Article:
The European Union risks violating international bank-capital standards and its implementing law should face a rigorous review by global regulators, a Swedish member of the Basel Committee on Banking Supervision warned.
The EU’s plans to apply a worldwide pact struck by the Basel group fall short in multiple areas, from requirements applied to government debt to treatment of loans to small businesses, Uldis Cerps, executive director for banking at the Swedish Financial Supervisory Authority, said in an interview on Nov. 19. The Basel group is set to probe the EU’s compliance with the rules in a peer review to be completed next year.
“It’s quite clear that there are some things that are not Basel compliant, according to my view,” Cerps said. “It’s important that the review team does a thorough job.”
The EU emerged bruised from a preliminary Basel committee probe last year that cast doubt on its claims to be fully in line with a global pact to beef up banks’ defenses against financial crises. The review, based on a draft version of the EU plans, triggered a rebuttal from Michel Barnier, the bloc’s financial services chief.
The Basel group’s follow-up assessment in 2014 will examine the final version of the EU’s implementing rules, which were agreed on by the bloc earlier this year. The review will be led by Canadian regulators, Cerps said, while last year’s assessment was led by Australian authorities.
“There are a number of issues where the previous report that has been published identified non-compliance,” Cerps said. “Sweden had been very vocal about the need to address those gaps.”
The U.S. will face a similar probe next year that should be equally rigorous, according to Cerps, who said that he doesn’t want to prejudge the work of the team that assesses the EU.
Of the reviews completed so far, the committee has found China, Japan, Singapore and Switzerland’s measures to be in general compliance with the Basel standards.
“The EU’s implementation is fully in line with the spirit and level of ambition of Basel III,” Chantal Hughes, a spokeswoman for Barnier, said by e-mail.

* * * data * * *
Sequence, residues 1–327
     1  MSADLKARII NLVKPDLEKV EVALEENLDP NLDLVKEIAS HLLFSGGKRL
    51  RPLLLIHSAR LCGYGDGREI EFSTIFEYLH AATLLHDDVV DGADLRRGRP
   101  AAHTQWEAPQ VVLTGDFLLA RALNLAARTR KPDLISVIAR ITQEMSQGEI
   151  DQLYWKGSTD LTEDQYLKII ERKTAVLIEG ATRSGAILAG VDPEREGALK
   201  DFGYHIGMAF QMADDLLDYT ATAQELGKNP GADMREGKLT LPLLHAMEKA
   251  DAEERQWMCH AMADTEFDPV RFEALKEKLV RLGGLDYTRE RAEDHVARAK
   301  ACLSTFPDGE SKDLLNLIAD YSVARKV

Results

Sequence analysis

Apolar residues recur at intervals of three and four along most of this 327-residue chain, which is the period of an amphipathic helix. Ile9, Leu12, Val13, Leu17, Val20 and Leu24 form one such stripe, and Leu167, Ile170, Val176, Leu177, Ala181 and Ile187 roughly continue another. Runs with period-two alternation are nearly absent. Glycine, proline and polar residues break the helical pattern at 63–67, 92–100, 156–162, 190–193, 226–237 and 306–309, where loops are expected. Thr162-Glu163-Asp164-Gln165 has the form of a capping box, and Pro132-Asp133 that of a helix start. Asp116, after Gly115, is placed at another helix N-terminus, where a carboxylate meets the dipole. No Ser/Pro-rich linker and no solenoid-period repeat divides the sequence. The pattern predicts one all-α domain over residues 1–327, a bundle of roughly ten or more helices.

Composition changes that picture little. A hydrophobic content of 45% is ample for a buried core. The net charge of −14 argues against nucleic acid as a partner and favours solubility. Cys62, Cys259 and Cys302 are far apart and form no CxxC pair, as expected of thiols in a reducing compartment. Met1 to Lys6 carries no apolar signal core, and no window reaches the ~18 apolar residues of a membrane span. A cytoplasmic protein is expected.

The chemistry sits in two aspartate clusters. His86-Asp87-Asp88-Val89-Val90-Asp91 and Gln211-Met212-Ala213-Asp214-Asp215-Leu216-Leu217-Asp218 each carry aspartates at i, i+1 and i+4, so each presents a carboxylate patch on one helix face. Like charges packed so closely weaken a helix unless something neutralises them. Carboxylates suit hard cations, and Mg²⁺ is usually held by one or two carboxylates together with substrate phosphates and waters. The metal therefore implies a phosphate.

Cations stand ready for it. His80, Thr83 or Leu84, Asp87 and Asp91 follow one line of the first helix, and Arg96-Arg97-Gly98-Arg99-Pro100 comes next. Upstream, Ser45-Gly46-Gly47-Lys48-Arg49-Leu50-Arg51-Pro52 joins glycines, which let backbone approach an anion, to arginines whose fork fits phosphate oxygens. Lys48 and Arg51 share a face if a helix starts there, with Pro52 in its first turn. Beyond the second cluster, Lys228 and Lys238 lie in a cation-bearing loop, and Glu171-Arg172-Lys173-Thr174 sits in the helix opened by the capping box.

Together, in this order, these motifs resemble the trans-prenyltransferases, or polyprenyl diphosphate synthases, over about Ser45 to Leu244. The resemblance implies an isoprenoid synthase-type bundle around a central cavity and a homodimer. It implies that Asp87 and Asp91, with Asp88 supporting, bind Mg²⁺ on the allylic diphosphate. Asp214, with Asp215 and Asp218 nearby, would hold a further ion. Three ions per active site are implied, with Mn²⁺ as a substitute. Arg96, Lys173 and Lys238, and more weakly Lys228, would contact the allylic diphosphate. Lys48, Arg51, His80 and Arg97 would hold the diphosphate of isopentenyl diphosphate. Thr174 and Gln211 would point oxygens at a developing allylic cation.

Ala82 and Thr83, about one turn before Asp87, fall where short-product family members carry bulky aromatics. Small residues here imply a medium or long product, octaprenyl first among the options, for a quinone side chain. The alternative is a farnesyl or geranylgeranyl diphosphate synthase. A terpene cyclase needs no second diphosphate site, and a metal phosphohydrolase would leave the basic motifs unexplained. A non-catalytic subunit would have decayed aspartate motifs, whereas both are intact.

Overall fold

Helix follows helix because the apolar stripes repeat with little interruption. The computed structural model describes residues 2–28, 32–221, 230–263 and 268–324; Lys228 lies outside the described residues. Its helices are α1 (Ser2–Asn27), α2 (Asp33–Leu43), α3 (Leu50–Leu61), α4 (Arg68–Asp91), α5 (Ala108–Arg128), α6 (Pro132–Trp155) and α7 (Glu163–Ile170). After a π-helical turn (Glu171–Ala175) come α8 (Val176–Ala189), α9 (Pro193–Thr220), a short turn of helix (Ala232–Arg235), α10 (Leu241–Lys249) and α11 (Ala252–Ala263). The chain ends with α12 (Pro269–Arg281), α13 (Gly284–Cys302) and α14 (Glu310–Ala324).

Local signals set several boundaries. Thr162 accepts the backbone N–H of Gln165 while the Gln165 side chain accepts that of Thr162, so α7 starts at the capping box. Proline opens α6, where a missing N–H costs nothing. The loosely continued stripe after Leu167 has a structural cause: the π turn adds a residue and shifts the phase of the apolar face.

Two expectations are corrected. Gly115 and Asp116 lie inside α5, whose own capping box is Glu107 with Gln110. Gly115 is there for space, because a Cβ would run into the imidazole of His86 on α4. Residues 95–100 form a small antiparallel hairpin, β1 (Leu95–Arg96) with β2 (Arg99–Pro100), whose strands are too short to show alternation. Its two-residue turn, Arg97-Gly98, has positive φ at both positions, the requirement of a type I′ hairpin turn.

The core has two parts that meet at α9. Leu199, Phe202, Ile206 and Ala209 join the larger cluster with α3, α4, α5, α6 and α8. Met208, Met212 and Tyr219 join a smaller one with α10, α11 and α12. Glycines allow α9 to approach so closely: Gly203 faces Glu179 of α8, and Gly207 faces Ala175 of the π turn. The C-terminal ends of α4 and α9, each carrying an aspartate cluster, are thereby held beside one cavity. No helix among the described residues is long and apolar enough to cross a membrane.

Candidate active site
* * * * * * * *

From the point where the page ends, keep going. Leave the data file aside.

“We said at the time that we weren’t in agreement with the findings of the preliminary peer review, and stand ready to provide the Basel committee with all necessary information and explanations on how we plan to apply Basel III,” she said.
The EU is set to phase in its version of the Basel accord, known as Basel III, starting in January, and the rules will fully apply as of 2019.
“Obviously it’s not going to be the same review team, it may be a different methodology, but the problems of material non-compliance are still there,” Nicolas Veron, fellow at the Brussels-based Bruegel research group, said in a telephone interview. “One can expect the Basel committee to be consistent.”
“My expectation is that the U.S. will be found compliant and that the EU will be found non-compliant,” with Basel III, he said.
The European Commission has insisted that its rules implementing Basel III respect the international accord. Some tweaks were needed because the bloc decided to apply the rules to all 8,300 EU-based banks rather than invoke its right to apply the rules only to internationally active lenders, according to the commission.
“The EU couldn’t simply copy-paste Basel III into its regulations,” Hughes said. “It had to be integrated with our existing rules through a democratic process. Also, the EU is applying the rules to all of its banks, not just the biggest ones.”
Basel III more than triples the minimum amount of core capital that internationally active banks must have to at least 7 percent of their risk-weighted assets. The pact also seeks to tackle other weaknesses exposed by the 2008 financial crisis.
“The rules of the game are that the Basel regulations set identical minimum standards for internationally active banks,” Cerps said. Not fully implementing the rules for these lenders for the sake of also applying them to smaller banks “is in my view not compliant with the spirit of Basel,” he said.
The committee is developing other requirements for banks, building on Basel III, Cerps said.
Work on overhauling capital requirements for securitized debt “needs to be completed,” he said. “A new consultation is expected quite soon.” The Basel group called last year for a more risk-sensitive approach to setting capital requirements for securitizations.
The committee is also evaluating whether to set extra capital requirements for banks based on the risk that they may lose money on their investments because of interest rate movements, Cerps said.
The Basel group brings together regulators from 27 nations including the U.S., U.K. and China to co-ordinate their rule-making.